“Do not fear, I am with you” (Isaiah 41:10)
“Feel My peace” (Prov 29:11)
“You’ve got this Paula, and I’ve got you” ~Love God.
No fear! This is what I felt. None!
I stood with my friend, and saw her anxious face. She was breathing heavy with tears threatening to spill over as they welled up in her eyes. I grabbed her face with my hands, and said, “Look at me!! You have done this swim. This distance. You are ready, and will do great! Find your own path in the water and go for it, and I will see you at the finish!” (I wonder now, if she remembers that moment) 10 seconds after saying that, the horn blew, and I dove in.
My swim was amazing. The water in Canada is so clear. Much like Coeur d’Alene. I swam hard, but at a pace I felt very comfortable with. A pace that I could’ve swam for miles. I was not worried about being kicked, punched, swam over. The thought crossed my mind, but I swam fearlessly! I stayed in a tight pack the whole way. Elbow to elbow on both sides of me, head to feet, feet to head, yet I still, had no fear. Heading around the first buoy, I looked down, and there were divers underneath us. That was cool to see. I SMILED AND WAVED as I thought, we are at the first buoy ALREADY!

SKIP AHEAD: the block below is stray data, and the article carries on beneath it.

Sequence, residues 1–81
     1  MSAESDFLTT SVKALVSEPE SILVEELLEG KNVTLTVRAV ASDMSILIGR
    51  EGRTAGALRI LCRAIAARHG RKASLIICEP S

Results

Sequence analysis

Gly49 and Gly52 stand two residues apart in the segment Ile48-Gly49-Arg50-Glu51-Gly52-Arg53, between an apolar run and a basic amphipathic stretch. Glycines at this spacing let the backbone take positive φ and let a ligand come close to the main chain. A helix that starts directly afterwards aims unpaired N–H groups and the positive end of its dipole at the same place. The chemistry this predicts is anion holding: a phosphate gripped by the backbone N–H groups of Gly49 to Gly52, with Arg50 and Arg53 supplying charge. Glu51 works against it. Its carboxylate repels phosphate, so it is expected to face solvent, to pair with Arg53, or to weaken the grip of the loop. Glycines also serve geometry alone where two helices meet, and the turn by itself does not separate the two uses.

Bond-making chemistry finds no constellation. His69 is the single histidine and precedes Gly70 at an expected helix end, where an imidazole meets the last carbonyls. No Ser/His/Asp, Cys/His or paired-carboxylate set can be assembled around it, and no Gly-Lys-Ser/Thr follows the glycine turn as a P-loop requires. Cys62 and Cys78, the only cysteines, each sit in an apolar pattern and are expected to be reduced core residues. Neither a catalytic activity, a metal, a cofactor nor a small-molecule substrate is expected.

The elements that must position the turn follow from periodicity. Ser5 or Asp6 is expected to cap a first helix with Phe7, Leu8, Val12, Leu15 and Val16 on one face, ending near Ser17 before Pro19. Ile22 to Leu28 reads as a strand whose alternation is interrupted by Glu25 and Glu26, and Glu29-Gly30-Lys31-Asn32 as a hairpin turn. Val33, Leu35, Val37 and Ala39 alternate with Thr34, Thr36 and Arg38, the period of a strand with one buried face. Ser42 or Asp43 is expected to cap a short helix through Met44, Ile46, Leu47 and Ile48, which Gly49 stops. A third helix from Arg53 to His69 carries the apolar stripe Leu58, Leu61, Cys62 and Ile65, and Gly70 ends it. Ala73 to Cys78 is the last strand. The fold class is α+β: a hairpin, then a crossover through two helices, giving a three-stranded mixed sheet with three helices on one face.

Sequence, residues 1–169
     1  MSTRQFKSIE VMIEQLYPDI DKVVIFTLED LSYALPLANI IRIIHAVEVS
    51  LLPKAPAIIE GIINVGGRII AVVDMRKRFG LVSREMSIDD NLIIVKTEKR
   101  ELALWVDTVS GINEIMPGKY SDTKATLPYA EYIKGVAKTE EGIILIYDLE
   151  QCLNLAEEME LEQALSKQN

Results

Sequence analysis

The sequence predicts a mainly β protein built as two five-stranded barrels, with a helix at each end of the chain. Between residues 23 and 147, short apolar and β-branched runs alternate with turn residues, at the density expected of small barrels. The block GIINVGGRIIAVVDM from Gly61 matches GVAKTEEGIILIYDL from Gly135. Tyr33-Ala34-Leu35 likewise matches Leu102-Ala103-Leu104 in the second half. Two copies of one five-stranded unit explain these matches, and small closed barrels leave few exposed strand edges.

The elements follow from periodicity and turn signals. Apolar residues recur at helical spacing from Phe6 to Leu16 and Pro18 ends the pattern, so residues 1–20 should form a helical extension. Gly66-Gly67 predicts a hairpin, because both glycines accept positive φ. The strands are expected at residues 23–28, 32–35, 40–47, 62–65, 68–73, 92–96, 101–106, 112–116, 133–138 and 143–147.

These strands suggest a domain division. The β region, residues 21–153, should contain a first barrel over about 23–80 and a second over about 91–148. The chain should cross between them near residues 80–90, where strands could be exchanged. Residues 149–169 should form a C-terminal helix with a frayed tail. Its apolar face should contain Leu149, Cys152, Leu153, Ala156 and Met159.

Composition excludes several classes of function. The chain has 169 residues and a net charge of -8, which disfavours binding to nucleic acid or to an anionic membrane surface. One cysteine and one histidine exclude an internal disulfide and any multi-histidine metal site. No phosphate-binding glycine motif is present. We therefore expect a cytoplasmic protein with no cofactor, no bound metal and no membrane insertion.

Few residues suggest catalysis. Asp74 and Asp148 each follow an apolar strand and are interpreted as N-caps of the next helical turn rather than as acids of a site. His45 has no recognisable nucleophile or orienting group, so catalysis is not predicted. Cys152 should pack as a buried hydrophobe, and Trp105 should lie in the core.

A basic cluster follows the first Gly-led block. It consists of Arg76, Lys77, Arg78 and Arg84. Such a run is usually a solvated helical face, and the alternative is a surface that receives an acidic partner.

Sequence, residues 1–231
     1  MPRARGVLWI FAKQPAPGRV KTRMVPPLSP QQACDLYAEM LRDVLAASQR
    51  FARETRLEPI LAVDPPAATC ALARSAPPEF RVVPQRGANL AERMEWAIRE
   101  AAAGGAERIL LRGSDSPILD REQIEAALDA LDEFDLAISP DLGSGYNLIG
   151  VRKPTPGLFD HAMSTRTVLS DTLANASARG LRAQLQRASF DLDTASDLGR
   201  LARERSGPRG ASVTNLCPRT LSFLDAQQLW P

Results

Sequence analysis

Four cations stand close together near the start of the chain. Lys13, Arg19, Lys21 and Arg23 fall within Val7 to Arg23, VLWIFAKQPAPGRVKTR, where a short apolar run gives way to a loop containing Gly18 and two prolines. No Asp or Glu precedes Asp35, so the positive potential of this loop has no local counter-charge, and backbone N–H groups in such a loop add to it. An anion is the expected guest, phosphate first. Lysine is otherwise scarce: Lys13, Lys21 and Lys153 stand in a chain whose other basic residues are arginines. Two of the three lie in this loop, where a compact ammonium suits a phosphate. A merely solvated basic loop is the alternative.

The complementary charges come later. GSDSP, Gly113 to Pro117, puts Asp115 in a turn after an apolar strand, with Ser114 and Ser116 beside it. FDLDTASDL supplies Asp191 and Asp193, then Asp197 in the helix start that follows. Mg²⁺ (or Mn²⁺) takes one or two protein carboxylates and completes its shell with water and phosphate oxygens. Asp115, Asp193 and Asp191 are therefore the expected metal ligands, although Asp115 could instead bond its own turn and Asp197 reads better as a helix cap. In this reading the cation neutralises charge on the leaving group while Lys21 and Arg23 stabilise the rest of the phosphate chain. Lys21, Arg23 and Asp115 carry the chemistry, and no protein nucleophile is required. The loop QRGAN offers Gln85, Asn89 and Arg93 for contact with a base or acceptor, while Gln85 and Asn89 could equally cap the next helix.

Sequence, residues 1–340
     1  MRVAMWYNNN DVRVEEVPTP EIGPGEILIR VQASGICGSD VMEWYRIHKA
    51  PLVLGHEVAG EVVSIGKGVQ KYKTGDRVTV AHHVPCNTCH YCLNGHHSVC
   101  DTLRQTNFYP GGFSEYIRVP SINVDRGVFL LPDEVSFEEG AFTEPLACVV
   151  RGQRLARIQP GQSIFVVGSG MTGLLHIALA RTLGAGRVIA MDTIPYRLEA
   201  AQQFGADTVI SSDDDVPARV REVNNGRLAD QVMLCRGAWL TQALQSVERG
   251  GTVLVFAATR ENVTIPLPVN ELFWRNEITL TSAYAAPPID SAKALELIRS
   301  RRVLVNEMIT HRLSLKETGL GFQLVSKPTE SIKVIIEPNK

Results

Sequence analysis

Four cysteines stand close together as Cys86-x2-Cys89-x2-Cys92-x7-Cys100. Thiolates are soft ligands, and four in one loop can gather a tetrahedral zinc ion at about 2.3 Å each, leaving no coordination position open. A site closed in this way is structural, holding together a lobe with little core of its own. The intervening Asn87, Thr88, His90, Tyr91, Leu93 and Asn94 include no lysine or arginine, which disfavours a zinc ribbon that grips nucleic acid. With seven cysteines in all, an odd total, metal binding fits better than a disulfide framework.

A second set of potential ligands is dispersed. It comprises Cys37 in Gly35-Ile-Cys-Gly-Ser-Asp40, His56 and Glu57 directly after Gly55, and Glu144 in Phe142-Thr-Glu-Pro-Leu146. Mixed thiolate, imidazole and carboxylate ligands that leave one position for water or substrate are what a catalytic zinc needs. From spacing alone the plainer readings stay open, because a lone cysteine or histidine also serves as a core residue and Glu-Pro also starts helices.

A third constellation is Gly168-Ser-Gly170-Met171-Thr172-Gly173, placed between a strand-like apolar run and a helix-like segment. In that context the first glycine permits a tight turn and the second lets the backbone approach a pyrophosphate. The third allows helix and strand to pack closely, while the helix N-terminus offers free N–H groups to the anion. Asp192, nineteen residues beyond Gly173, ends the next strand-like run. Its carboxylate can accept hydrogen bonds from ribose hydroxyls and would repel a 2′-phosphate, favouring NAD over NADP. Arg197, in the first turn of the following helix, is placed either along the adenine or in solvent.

It’s a one-loop swim, in a sort of triangle! I was elated! A few hundred yards, and we would pass the last buoy for the home stretch. Bam!
The last buoy was far in the distance, and I was starting to hear the announcer. I am sure I had a stupid smile on my face. Even in the water.
I kept thinking and reminding myself to NOT stand up in that water towards the beach. This lake….you can literally wade out for probably 100 yards. I have watched this race for the past 2 years, and see people wading as soon as they can touch. Then they try running through the water at chest/waist deep. I figured as soon as my feet could touch, I would want to do the same. After all, my foot on land makes me feel secure. Don’t do it, Paula!!
I could see people ahead of me starting to stand up. I touched my feet to the bottom, and stood….ish! And dove right back under. No way was I going to use up energy running through the water. And truly, I almost had the feeling of not wanting to exit the water. My swim felt so good. I kept swimming until my fingers almost touched the sand, and up I stood. Running in with a group of athletes, peeling my wetsuit off, the goggles I had inside my suit fell out and into the water. BRAND new pair of Blue Seventy’s. Never worn. I turned for a split second to see them start to sink….the guy behind me was running and closing in on me….that cannot happen!
I could hear them announcing times as athletes crossed over the timing mat. The beeps were growing louder as water was draining out of my ears. I hear a 1:25-something. My mouth turned up into the biggest smile. (I know for speedy swimmers this seems like a time not to be celebrated, but for a slow swimming mermaid like myself this was extraordinary)
Yanking off my cap and goggles I reached the timing mat, heard my name called and flew into transition feeling on top of the World! This day….I knew was going to be magical.